He also used the speech to target Dr. Anthony Fauci, the White House chief medical adviser, and to compare himself to the Hebrew King David, the media outlet said.

Wood, who is best known for painting a false narrative of a stolen election by filing failed lawsuits, is no stranger to controversy.

He was permanently banned from using Twitter after violating a suspension by inciting violence, BuzzFeed News reported.

The State Bar of Georgia is also looking into disciplining him for imploring his followers to target members of the institution, Insider’s Connor Perrett previously reported.

The Health and Freedom Conference dedicated to opposing the government’s response to the COVID-19 pandemic and the loss of freedoms is due to conclude Saturday night with a mask burning ceremony.

Read the original article on Business Insider

A teenage girl testified against her father in court after her brother turned him in to the FBI over his role in the Capitol insurrection

capitol siege riot ladder
Rioters clash with police using big ladder trying to enter Capitol building through the front doors.

An alleged Three Percenter, who is accused of breaching the Capitol, will remain in jail awaiting his trial after his own family members gave officials information leading to his arrest, CNN reported Monday.

Guy Reffitt, a Texas husband and father, drove to Washington, DC, to attend the January 6 pro-Trump rally armed with an AR-15 rifle and pistol, threatened his family members, boasted about his participation, and bragged to fellow militia members that the siege was just “the beginning,” according to court documents.

Days after returning from his trip to the nation’s capital, Reffitt told his children he knew the FBI was “watching him.” On January 11 he told his 18-year-old son and 16-year-old daughter he had to “erase everything,” referring to video evidence of his attendance, legal records said.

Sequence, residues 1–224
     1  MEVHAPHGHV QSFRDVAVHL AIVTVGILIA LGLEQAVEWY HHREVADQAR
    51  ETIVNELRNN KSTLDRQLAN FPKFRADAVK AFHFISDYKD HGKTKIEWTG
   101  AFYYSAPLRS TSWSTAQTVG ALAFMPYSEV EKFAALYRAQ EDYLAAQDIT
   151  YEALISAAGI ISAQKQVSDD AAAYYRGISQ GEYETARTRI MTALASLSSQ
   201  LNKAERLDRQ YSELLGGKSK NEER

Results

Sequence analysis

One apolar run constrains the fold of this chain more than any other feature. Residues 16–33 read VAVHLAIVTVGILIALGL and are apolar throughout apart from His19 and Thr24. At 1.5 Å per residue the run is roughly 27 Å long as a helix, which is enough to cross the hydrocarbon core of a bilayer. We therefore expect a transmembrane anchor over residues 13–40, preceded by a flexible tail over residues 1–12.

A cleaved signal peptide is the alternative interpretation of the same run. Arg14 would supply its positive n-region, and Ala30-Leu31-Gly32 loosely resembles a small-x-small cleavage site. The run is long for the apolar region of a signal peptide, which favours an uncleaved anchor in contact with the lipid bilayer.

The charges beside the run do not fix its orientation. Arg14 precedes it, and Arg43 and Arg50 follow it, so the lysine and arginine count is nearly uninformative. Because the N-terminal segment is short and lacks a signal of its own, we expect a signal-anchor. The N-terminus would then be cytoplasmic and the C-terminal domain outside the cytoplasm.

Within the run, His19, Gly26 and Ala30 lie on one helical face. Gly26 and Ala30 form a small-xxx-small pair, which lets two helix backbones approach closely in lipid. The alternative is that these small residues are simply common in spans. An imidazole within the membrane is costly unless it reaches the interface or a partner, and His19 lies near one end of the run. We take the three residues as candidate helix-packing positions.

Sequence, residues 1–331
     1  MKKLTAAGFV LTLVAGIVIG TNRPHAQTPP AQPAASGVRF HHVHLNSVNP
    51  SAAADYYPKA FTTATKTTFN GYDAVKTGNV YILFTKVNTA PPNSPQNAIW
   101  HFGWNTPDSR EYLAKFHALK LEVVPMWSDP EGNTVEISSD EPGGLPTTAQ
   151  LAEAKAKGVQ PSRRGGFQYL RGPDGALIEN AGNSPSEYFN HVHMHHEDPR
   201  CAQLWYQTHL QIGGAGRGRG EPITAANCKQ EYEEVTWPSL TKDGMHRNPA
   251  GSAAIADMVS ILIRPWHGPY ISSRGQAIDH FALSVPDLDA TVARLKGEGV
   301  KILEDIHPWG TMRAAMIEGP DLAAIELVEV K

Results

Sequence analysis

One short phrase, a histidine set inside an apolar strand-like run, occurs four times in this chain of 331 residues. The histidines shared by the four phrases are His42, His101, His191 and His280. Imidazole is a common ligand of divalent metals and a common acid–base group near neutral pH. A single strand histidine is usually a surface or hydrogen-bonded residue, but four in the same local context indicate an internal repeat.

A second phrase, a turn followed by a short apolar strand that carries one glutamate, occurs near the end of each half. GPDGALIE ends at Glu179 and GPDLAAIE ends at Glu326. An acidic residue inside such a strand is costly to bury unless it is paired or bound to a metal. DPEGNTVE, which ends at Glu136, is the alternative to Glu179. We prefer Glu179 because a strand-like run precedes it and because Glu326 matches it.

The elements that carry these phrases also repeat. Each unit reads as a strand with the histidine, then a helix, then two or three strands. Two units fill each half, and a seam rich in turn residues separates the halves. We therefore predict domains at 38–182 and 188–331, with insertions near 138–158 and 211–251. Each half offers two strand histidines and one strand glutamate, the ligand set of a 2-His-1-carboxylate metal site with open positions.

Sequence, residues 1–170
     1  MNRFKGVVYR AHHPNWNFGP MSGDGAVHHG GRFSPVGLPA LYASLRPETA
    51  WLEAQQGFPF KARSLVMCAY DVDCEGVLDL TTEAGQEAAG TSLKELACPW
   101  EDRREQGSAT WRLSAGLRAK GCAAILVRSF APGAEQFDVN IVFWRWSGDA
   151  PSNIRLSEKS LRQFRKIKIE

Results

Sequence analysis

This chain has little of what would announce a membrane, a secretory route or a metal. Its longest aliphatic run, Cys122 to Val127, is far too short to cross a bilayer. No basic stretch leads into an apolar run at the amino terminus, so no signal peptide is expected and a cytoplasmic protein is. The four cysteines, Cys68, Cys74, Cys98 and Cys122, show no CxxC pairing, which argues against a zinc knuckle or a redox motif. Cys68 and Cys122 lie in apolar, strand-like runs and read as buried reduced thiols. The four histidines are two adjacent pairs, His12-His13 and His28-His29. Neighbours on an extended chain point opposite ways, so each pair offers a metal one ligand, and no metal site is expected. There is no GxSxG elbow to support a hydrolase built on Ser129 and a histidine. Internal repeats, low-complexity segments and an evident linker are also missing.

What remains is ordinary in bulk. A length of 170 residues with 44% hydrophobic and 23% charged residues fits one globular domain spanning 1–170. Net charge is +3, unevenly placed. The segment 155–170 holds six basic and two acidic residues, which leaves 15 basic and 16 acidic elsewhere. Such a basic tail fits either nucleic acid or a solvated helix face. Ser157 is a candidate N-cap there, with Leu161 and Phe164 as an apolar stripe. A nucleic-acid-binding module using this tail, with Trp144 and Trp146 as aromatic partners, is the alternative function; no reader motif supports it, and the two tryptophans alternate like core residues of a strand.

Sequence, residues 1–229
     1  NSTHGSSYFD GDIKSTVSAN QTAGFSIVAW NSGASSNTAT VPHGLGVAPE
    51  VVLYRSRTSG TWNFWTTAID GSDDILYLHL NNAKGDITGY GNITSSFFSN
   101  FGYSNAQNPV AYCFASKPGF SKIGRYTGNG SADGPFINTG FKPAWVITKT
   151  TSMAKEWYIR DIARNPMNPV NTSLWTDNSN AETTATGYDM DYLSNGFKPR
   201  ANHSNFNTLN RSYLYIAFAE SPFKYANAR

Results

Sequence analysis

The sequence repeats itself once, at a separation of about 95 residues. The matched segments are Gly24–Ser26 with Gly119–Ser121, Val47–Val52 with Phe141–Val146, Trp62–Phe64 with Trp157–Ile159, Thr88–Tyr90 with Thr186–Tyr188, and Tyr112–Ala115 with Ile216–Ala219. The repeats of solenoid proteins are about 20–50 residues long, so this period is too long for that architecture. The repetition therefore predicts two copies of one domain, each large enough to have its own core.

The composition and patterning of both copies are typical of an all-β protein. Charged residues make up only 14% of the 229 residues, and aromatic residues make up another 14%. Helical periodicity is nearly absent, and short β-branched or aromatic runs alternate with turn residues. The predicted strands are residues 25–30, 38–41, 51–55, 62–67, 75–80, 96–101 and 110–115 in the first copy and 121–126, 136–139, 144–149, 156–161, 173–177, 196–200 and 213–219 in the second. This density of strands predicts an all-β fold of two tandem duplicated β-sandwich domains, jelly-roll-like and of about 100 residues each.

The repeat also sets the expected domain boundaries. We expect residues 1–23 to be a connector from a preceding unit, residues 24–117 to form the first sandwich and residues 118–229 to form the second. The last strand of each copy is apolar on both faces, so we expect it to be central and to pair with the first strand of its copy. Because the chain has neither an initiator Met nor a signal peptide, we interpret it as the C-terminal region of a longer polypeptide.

Reffitt told his son, Jackson, that if he crossed the line and reported his father to the police, Reffitt would have no option but to “do what he had to do,” Jackson told investigators. When Jackson asked his father if he was threatening him, Reffitt reportedly responded by saying, “don’t put words in my mouth,” the affidavit said.

Reffitt also threatened his daughter, according to court documents. The girl was using her cell phone to talk with friends when Reffitt told her if she was recording him or put anything about him on social media she would have “crossed the line, betrayed the family” and he would “put a bullet through” her phone, according to the affidavit.

That same day, the two children – who disapproved of their father’s pro-Trump politics – told their mother, Nicole, that Reffitt had threatened them. When confronted by his wife, Reffitt reportedly doubled down on his warnings, saying if his children turned him in they would be traitors and “traitors get shot,” court documents said.

Reffitt’s wife and son told FBI officials all this and more when agents arrived at their Wylie home on January 16 to execute a search warrant and eventually arrest Reffitt, according to legal records.

Jackson has since left the family’s home and is now living in an undisclosed location, according to court documents. The son previously told CNN that he tipped the FBI off about his father.

But despite detailing Reffitt’s post-siege behavior to investigators, family members have continued to support the patriarch in court and in the media.

Nicole told CNN that Reffitt is a “loving husband and devoted father, loyal friend, and passionate patriot.” She insisted his statements were taken out of context and said nobody ever felt they were in real danger.

The couple’s minor daughter and her boyfriend, meanwhile testified on behalf of Reffitt in court Monday. Though she told the judge she thought Reffitt had tried to intimidate her and her brother, his daughter said she did not believe he would be dangerous if released, CNN reported.

Reffitt’s lawyer also downplayed his client’s threats while arguing for his pretrial release.